by Hannah Lewis
They can both teach you how to make more money. Let’s say that we have a particularly twisted friend who lays out ten 1-dollar notes on the table in a row, and tells you that I, and I alone, can decide how to split it between you and me. The twist?
You can decide whether to reject the offer I make, and if you do we both get no money. Let’s say I offer you an 50/50 split of $5 dollars each. That’s fair and you’d accept. What about if I say I’ll keep $6 and give you $4.
Well, I have more power than you, so you’d probably take it. If I keep $7? $8? $9? $9.99? At what point do you tell me where to go? At what point do you “spend” money to punish me? I’ll tell you. But first, let me tell you a story.
The other day I was at a craft fair in London, full of nice jewellery and beautiful ceramics. I was with my mum, who has just turned 70. Age has not quenched her lust for nice silver necklaces. Or bracelets. The event had over 100 stalls. And the maker of the craft was on each stall.
Now, I feel for stall holders. Because at 16 years old I told my parents that school was a waste of time, I was done, and I launched my entrepreneurial career with a stall in London’s Camden market selling jewellery I’d made. I’d like to report this was a raging success. It was not.
People are rude about your work in front of you, they haggle. Some politely, some not. Like a cheapskate at a strip club, they will wax lyrical about your talents, and walk away without spending a penny. And irony will bite you – the tiny earrings you hate making will be the ones which sell. You will learn to hate making tiny, low-profit earrings. Because you committed the first sin of pricing: You priced the tiny earrings low, because a) they were small and b) contained only one expensive bead. Alas, so much pricing advice is terrible and tends to be "HOW MUCH DID IT COST YOU TO MAKE? ADD A MARGIN!"
I should have priced like this: Cost+Time+HATE-IT-TARIFF. At the time I assumed that the tiny earrings were my entry-level product – that they were what people could afford, and startled by my creative genius, they could not leave my stall without purchasing. Obviously now I realise that a lot of people just like tiny earrings. Hey, even I like tiny earrings these days.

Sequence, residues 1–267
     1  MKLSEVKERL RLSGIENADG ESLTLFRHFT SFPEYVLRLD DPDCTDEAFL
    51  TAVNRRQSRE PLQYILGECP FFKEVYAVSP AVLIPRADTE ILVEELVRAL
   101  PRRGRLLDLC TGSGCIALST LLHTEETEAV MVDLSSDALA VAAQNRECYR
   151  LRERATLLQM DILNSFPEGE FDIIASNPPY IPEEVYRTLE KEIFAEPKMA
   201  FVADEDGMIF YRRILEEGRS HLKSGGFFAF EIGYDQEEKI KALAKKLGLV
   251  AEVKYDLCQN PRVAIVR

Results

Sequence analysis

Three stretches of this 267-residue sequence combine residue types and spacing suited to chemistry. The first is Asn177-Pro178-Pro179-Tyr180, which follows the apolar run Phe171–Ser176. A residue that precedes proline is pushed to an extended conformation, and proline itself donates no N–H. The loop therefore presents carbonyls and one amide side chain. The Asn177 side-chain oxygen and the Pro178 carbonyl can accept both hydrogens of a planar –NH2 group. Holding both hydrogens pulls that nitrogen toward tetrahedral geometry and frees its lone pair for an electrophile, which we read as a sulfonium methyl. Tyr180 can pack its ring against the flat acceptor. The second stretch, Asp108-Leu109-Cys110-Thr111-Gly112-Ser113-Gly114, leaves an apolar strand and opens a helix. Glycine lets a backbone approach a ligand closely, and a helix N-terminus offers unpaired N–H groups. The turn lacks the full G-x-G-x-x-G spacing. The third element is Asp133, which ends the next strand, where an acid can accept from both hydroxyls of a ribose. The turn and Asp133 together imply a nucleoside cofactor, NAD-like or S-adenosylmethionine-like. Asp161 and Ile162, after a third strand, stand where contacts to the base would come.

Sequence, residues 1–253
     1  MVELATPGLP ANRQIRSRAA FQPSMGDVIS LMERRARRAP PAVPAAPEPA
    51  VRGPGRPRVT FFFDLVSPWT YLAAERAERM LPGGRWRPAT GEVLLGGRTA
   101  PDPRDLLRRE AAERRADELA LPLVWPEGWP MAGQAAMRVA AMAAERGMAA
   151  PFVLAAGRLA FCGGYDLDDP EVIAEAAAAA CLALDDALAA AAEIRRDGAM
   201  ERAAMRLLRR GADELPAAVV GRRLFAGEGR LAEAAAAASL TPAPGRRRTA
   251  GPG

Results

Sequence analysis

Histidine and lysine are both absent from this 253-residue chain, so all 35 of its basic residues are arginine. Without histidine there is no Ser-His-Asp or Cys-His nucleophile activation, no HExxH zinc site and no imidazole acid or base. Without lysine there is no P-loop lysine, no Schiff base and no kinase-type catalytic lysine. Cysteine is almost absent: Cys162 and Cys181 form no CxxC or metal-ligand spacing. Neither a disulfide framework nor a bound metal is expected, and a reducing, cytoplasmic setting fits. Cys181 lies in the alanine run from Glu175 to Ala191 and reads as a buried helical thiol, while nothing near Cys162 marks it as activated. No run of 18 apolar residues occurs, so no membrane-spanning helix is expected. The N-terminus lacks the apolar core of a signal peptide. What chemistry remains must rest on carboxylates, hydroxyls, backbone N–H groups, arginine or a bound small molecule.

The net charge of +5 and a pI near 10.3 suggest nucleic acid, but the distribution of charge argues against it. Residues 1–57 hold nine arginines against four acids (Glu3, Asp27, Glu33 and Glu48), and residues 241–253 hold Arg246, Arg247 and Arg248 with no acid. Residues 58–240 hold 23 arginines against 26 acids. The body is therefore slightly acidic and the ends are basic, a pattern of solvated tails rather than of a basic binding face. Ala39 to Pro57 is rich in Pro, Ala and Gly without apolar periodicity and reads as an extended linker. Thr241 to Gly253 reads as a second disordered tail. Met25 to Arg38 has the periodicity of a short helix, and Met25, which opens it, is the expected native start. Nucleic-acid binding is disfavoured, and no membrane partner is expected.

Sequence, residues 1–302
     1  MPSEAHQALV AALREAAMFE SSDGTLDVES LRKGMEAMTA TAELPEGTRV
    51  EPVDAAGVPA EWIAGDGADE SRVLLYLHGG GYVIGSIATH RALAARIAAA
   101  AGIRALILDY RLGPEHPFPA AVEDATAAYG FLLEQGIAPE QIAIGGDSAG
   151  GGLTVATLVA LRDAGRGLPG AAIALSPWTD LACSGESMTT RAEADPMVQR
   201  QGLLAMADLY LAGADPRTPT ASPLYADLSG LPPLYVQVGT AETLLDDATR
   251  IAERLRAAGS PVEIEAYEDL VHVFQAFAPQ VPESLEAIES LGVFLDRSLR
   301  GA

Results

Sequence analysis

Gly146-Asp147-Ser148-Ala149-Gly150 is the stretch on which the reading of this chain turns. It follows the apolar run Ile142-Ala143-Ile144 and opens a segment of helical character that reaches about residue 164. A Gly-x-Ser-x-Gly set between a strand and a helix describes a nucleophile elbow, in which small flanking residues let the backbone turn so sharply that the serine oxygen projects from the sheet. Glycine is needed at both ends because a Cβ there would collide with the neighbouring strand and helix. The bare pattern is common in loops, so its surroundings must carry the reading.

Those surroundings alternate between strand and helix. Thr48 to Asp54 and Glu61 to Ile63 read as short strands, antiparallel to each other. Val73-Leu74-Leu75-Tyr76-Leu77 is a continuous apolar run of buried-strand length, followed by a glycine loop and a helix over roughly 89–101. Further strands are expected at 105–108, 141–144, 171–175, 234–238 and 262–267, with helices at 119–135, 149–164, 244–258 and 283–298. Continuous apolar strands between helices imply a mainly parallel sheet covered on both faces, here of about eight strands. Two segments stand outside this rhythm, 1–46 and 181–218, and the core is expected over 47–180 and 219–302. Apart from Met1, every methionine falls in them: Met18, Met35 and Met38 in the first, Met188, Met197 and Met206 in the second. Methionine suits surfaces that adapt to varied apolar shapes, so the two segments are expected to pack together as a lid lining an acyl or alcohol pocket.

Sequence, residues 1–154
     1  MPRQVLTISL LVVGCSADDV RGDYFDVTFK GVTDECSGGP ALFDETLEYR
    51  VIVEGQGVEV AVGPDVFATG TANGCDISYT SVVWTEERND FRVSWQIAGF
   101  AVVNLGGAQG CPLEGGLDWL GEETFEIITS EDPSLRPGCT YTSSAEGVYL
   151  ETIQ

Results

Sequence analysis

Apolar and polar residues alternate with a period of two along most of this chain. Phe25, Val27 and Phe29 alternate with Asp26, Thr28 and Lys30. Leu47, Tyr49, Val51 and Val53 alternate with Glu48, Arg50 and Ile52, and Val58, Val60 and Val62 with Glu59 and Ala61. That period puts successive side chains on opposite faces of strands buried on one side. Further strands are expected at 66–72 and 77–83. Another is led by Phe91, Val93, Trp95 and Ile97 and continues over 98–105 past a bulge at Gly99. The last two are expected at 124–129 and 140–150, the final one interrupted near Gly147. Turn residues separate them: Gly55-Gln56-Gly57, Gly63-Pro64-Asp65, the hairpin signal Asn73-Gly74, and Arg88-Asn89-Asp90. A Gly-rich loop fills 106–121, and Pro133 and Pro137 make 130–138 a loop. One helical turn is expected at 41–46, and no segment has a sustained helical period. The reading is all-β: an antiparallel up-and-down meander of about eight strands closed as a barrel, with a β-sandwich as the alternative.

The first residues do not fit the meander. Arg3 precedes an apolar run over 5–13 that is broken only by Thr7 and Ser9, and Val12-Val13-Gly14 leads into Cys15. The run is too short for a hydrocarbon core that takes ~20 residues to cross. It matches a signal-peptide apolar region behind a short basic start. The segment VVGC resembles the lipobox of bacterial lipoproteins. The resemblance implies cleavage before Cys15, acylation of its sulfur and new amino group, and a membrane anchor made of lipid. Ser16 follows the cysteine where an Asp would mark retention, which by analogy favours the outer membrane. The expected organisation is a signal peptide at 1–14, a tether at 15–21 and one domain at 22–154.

Our emotions get in the way. We worry about what is ‘fair’. That if we price too high we’ll be punished for being greedy, and that the Gods-Of-Online-Commerce will come smite us in the night with broken web links and a non-functioning checkout cart. Remember that friend with the 1-dollar bills? That’s a psychological experiment called the Ultimatum Game which was designed to test at what point we pay to punish others – it tests how rational we are. Realistically, you should take any sum you’re offered in the game (any money is better than no money), but in reality, people do punish unfair offers, by rejecting it altogether. So the question is not so much “How to I price my products” but how you offer a price which seems fair for what you are offering.
We have a built-in need to appear fair. Or at least those of us who fall on the non-stabby side of the psychopath spectrum do. It turns out that psychopaths are more likely than normal people to take a deal when the offer is only 1 dollar, as their lack of connection to their emotions makes them more rational. So in order for you to FEEL right about what you’re offering, you need to both feel that the ratio is right between you and the customer is right. You want your offer and your price to be equal to what the customer thinks is fair. How do you find that balance? Well, the long way to do it is via trial & error. The short way is to get help.
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